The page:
True, an NSX driver can plug in his or her iPhone as part of the Apple CarPlay function, allowing access to the driver’s iPhone screen and apps, but I was still caught off guard by the response. (For $2,800, a driver can purchase GPS as part of the ELS Studio Audio Tech package, the upgrade from the standard premium audio system).

GPS was not the only amenity that was notably missing from the vehicle: Acura omitted vanity mirrors on the driver’s and passenger’s visors. (You can’t always depend on your smartphone as a mirror.) For the 99 percent of drivers who are accustomed to changing gears by physically moving a gearshift, that task has been simplified to pressing a button. (How quotidian.)

Moreover, what I craved most in the NSX was greater visibility and natural light. I could see the rolling hills and church steeples clearly when staring forward on the road, but I found operating in daily traffic challenging. I had to either swivel my neck a good 90 degrees to see oncoming cars at an intersection or depend on my driving partner to give me the green light to make a turn. (Visibility and perception are vital roles in keeping a driver safe on the racetrack too). For this reason, I would think twice before heading out to my nearby Whole Foods or maneuvering past speeding cars on the New Jersey Parkway in the NSX without a second pair of eyes to guide me. The NSX may be built for speed and power, but Acura also wants it to be a part of one’s everyday routine, as its predecessor was.

“There’s nothing about this car that’s intimidating,” Ikeda declared. “It’s flexible. It’s more than just for show. It adapts to what your needs are.”

The NSX may not necessarily meet my day-to-day driving demands, but then again, I am not the target audience. With a price tag that exceeds that of an Aston Martin V8 Vantage or a Maserati Quattroporte, only a sliver of the driving population will be able to own this car.

And that’s completely true for the foreseeable future: Acura plans to produce just 800 NSX cars per year in North America. The automaker began taking deposits at the end of February, and the company has received enough orders to keep its production staff in Marysville, Ohio, busy for the next two years, an Acura spokesman told me. Deliveries start this week, and spotting one on the road may be a rarity.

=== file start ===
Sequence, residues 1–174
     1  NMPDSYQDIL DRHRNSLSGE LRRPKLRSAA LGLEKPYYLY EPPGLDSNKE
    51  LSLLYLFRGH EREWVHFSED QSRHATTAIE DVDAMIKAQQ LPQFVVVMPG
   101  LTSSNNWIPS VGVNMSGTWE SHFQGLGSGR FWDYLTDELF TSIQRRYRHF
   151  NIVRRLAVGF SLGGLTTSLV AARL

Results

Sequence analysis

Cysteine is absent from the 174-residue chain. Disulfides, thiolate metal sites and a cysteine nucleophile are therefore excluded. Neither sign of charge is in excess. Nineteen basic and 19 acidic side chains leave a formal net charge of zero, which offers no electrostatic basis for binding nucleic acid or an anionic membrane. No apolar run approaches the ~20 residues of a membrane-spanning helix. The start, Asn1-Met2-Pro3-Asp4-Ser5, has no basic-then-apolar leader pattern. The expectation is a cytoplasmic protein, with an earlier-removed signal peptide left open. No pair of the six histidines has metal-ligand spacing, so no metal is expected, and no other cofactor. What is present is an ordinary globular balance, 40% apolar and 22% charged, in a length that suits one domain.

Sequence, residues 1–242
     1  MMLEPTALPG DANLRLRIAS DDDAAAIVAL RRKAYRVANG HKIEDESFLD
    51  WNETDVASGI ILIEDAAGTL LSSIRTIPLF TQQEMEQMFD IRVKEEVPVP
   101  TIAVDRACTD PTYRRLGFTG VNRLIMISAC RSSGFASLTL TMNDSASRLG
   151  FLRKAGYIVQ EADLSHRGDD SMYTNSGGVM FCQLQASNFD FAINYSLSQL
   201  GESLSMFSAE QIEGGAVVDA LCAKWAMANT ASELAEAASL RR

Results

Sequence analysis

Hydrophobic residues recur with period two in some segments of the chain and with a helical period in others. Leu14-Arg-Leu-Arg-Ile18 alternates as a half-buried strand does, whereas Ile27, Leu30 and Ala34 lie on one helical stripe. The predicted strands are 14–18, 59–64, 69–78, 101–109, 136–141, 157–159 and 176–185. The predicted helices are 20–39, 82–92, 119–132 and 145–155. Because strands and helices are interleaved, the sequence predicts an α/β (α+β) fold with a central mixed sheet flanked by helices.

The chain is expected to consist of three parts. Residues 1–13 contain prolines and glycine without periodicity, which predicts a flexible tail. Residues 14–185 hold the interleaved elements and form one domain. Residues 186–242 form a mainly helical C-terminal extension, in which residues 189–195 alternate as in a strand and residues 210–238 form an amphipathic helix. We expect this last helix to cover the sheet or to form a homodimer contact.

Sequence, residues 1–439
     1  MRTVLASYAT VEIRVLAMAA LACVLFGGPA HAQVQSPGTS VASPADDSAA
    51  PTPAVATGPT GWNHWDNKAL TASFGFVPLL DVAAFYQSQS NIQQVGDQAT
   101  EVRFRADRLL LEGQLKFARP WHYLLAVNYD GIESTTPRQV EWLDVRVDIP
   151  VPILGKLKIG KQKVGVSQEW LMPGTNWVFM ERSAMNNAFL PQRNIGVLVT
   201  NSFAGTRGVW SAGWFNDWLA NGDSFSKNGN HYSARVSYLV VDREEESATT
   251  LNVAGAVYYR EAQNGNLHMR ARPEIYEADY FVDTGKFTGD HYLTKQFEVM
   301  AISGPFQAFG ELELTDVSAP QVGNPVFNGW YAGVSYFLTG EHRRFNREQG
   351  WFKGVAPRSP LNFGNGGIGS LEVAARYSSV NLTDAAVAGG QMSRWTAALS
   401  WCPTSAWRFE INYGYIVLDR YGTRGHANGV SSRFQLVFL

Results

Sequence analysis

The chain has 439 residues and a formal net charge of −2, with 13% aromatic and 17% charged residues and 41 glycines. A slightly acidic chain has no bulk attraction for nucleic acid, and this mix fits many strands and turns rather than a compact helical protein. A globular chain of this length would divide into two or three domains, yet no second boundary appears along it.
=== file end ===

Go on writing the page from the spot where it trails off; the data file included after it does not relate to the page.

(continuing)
“It is an expensive purchase, but it’s unique. It will stick out among the Ferraris,” Ikeda told me. “It’s for a different type of person.”

He hopes to ramp up production of the NSX soon — once the company figures out how many it can make per day.

“We want to do more, and 800 is conservative,” Ikeda acknowledged. “The goal is to produce eight to 10 a day.”

The NSX will be entirely assembled by hand at its Ohio manufacturing facility, and Acura has crowed that it’s “the only supercar designed, developed and manufactured in the U.S.”

Ikeda said Acura’s commitment to the success of this vehicle was unequivocal; the automaker built its performance manufacturing center and engine plant especially for the NSX because “there was no factory in Japan or North America that could do this.” (Acura declined to reveal how much it cost to build the plant).

“We want to raise the bar with this car,” he said. “NSX was known for its innovation, and it’s still innovative.”

Interested buyers will have to depend on reviews and word of mouth to get a better handle on the car’s capabilities. There are no plans to keep an NSX in Acura dealerships. As of now, potential customers are directed to customize their NSX on the Acura website.

An Acura spokesman, however, told me he believes some of the orders the company received for the sports car may be from dealers who want a model on their showroom floor. Acura understands that much of its customer base cannot afford an NSX, so the carmaker is depending on the NSX for a halo effect: A driver goes to a dealership to learn more about the NSX and ends up signing paperwork for an Acura MDX crossover or RLX sedan.

The NSX will surely draw stares and second looks at the racetrack and around town. It's stunning, sexy and confident — the same qualities an NSX enthusiast will feel when driving this supercar.